Finally, since God’s purposes never change, God’s plans for the wicked will not change. Revelation shows that God will judge sinners who have not been forgiven.
Exodus 34:7 teaches that God “does not leave the guilty unpunished,” and the many judgments displayed in Revelation add living color to that assertion. God’s unwavering wrath against sin gives a warning to anyone who refuses Jesus as Lord and Savior.
The Omnipotence of God
In proving the sovereignty of God by means of his attributes, we have considered the eternity of God, together with his self-existence, self-sufficiency, and immutability: Revelation 1:8, “I am the Alpha and the Omega,’ says the Lord God, ‘who is and who was and who is to come.’”
We might think that there is nothing more to say on the matter, but God points out one more essential attribute that makes him sovereign over all things. Revelation 1:8 adds an assertion of God’s omnipotence, concluding with “the Almighty.”
The Greek word translated as “Almighty” is pantokrator. This word combines pantos, for “all things,” and kratos, which means both “might” and “dominion.” Luke 1:51 uses kratos to say that God “has shown strength with his arm,” and 1 Timothy 6:16 uses it to exult in God’s “eternal dominion.”
For God to be the pantokrator is to exercise sovereign power and authority to rule all things, in all places, and at all times. Knowing the truth of God’s almighty and sovereign rule over all things brings the greatest comfort to suffering Christians.
The Book of Revelation brings a message of great solace to Christians; the good news centered on God’s sovereignty over all things.
The God Who Speaks
When we think of God’s voice, Christians should especially think of God’s revelation through his Son, Jesus Christ. Hebrews 1:1-2 says that while God formerly spoke by the prophets, “in these last days, he has spoken to us by his Son.”
For this reason, when God says in Revelation 1:8, “I AM,” Christians hear the voice of Jesus. God says, “I am the Alpha and the Omega,” an expression that Jesus will apply to himself within this very chapter: Revelation 1:17-18 says, “I am the first and the last, and the living one.” We also hear the voice of Jesus’ great “I am” sayings in John’s Gospel.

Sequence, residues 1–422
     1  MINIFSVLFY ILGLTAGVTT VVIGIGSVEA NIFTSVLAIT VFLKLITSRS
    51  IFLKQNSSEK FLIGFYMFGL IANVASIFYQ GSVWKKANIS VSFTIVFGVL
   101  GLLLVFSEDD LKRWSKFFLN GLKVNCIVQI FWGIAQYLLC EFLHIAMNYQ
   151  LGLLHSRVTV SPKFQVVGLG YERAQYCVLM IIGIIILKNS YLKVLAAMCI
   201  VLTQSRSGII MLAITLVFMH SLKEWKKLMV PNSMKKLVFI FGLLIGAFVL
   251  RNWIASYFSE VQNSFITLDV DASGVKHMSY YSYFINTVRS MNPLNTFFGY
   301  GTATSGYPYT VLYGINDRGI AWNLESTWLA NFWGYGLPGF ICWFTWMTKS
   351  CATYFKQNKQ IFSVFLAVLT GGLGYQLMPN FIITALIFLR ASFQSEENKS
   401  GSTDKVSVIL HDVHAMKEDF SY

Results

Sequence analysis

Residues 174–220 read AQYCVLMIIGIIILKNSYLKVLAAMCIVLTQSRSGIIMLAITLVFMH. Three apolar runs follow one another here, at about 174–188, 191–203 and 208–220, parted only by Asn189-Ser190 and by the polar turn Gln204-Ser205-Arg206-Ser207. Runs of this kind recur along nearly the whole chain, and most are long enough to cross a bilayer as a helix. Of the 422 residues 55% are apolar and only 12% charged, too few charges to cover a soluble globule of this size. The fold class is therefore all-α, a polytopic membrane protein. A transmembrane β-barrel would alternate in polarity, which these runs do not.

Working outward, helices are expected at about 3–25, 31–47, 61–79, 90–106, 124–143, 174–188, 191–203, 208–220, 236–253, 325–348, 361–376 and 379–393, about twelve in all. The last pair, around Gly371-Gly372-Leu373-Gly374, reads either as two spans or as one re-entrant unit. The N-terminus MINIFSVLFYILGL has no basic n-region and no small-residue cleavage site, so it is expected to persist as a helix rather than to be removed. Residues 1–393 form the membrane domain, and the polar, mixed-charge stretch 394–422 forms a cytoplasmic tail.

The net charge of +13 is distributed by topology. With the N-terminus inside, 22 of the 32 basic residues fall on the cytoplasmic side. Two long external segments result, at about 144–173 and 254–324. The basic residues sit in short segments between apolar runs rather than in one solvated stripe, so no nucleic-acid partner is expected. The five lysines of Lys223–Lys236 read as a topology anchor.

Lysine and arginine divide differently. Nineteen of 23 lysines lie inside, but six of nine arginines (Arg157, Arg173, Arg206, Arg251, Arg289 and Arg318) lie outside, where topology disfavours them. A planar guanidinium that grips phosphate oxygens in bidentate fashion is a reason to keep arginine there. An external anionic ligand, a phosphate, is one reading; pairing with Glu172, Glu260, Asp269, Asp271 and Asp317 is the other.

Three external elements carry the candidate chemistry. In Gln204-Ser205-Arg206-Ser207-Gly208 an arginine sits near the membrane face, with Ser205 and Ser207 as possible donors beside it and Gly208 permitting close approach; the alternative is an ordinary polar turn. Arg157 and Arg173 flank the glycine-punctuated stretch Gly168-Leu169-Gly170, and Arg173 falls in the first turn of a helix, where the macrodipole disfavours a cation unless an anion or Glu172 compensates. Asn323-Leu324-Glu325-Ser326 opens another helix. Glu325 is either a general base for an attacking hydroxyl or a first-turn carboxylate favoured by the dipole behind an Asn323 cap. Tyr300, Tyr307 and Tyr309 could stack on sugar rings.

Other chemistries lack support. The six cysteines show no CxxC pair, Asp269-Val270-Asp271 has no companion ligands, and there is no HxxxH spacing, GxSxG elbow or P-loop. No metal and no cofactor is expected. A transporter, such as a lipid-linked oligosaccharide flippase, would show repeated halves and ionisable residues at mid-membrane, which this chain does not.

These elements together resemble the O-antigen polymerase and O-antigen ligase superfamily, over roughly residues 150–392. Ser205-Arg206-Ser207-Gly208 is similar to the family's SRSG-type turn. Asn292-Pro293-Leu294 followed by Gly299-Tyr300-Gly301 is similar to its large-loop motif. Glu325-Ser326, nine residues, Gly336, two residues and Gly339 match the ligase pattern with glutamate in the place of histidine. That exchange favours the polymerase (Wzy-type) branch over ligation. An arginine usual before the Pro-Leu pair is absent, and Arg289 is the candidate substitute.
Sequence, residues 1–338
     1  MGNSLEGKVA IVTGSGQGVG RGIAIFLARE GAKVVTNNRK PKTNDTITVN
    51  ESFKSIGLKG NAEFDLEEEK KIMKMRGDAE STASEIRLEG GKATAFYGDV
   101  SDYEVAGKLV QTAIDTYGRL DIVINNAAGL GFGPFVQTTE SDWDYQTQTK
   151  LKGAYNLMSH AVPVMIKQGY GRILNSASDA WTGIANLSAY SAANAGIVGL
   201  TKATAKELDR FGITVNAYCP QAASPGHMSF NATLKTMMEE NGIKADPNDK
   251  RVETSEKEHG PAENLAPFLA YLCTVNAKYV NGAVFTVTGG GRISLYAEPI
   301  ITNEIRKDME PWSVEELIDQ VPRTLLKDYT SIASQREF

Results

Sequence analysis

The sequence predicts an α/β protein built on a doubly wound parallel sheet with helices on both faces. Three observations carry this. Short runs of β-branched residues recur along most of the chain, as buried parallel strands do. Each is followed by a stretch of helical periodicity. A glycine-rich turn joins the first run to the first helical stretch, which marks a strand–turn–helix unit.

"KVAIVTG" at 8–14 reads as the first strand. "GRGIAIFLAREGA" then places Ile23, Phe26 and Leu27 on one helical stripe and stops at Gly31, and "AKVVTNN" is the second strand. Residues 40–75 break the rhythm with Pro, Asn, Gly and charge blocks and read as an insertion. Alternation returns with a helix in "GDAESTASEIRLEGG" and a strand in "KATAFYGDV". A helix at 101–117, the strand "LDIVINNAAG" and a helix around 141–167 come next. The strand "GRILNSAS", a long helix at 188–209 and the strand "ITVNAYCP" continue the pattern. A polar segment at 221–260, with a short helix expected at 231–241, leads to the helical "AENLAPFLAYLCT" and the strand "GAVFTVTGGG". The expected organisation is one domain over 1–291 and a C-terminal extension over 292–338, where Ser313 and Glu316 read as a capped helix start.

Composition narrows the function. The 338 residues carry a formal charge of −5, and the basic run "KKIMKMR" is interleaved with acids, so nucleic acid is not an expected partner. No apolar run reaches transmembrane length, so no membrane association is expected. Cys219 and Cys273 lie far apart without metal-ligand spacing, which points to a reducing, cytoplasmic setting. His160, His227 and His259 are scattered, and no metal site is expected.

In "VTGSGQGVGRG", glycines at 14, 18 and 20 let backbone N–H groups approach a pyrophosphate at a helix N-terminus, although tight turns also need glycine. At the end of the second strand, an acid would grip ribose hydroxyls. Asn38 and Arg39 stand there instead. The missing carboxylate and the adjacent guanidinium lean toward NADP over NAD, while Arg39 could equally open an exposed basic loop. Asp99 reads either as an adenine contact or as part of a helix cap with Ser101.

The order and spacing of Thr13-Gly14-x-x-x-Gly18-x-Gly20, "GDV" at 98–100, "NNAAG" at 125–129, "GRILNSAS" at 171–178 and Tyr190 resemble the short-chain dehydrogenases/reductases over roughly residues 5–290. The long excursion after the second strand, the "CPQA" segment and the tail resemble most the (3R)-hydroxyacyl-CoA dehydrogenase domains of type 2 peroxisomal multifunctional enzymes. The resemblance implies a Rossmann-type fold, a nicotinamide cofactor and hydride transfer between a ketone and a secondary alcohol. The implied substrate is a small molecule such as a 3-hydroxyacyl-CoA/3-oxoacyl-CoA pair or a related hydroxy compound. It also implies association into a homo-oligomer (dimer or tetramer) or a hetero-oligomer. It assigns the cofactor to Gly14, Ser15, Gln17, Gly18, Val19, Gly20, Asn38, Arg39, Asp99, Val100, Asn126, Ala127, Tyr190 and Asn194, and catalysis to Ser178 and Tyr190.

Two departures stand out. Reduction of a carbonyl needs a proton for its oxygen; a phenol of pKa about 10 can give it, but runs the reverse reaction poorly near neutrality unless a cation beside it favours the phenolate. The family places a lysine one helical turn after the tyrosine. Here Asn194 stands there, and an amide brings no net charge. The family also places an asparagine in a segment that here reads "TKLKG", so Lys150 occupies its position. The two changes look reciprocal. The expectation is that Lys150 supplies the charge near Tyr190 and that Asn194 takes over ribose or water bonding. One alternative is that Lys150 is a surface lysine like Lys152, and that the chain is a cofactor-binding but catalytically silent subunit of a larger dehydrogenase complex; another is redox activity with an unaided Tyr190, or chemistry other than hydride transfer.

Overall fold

The “I AM” statements show that Jesus Christ is one with the God who says in Revelation 1:8, “I am the Alpha and the Omega, … who is and who was and who is to come, the Almighty.” This means that Jesus was present when Moses heard God speaking from the burning bush, giving his name, “I AM THAT I AM.”
Exodus 3:2 declares that “the angel of the Lord appeared to him in a flame of fire” within the bush. The most likely explanation is that Moses saw the eternal Son of God in his pre-incarnate form, speaking with God’s voice. God likewise speaks, revealing himself to us as good news through his Son, Jesus.
The only way for you to come to know the great I AM, the sovereign, eternal, unchanging, and Almighty God, is to believe in Jesus Christ (John 14:6). Have you met him in the way that Moses met Christ at the burning bush? God called to Moses, and he came, believed, and entered into a saving relationship with God.
God now calls you through his Word. He says to you, “I am the Alpha and the Omega,” the Almighty Sovereign who controls your destiny and offers you eternal life through faith in his Son Jesus, the eternal, self-existent, and Almighty God.
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Dave Jenkins is the Executive Director of Servants of Grace Ministries, the Executive Editor of Theology for Life Magazine, and the Host of the Equipping You in Grace Podcast and Warriors of Grace Podcast. He received his MAR and M.Div. through Liberty Baptist Theological Seminary. You can follow him on Twitter at @davejjenkins, find him on Facebook at Dave Jenkins SOG, Instagram, read more of his writing at Servants of Grace, or sign to receive his newsletter. When Dave isn’t busy with ministry, he loves spending time with his wife, Sarah, reading the latest from Christian publishers, the Reformers, and the Puritans, playing golf, watching movies, sports, and spending time with his family.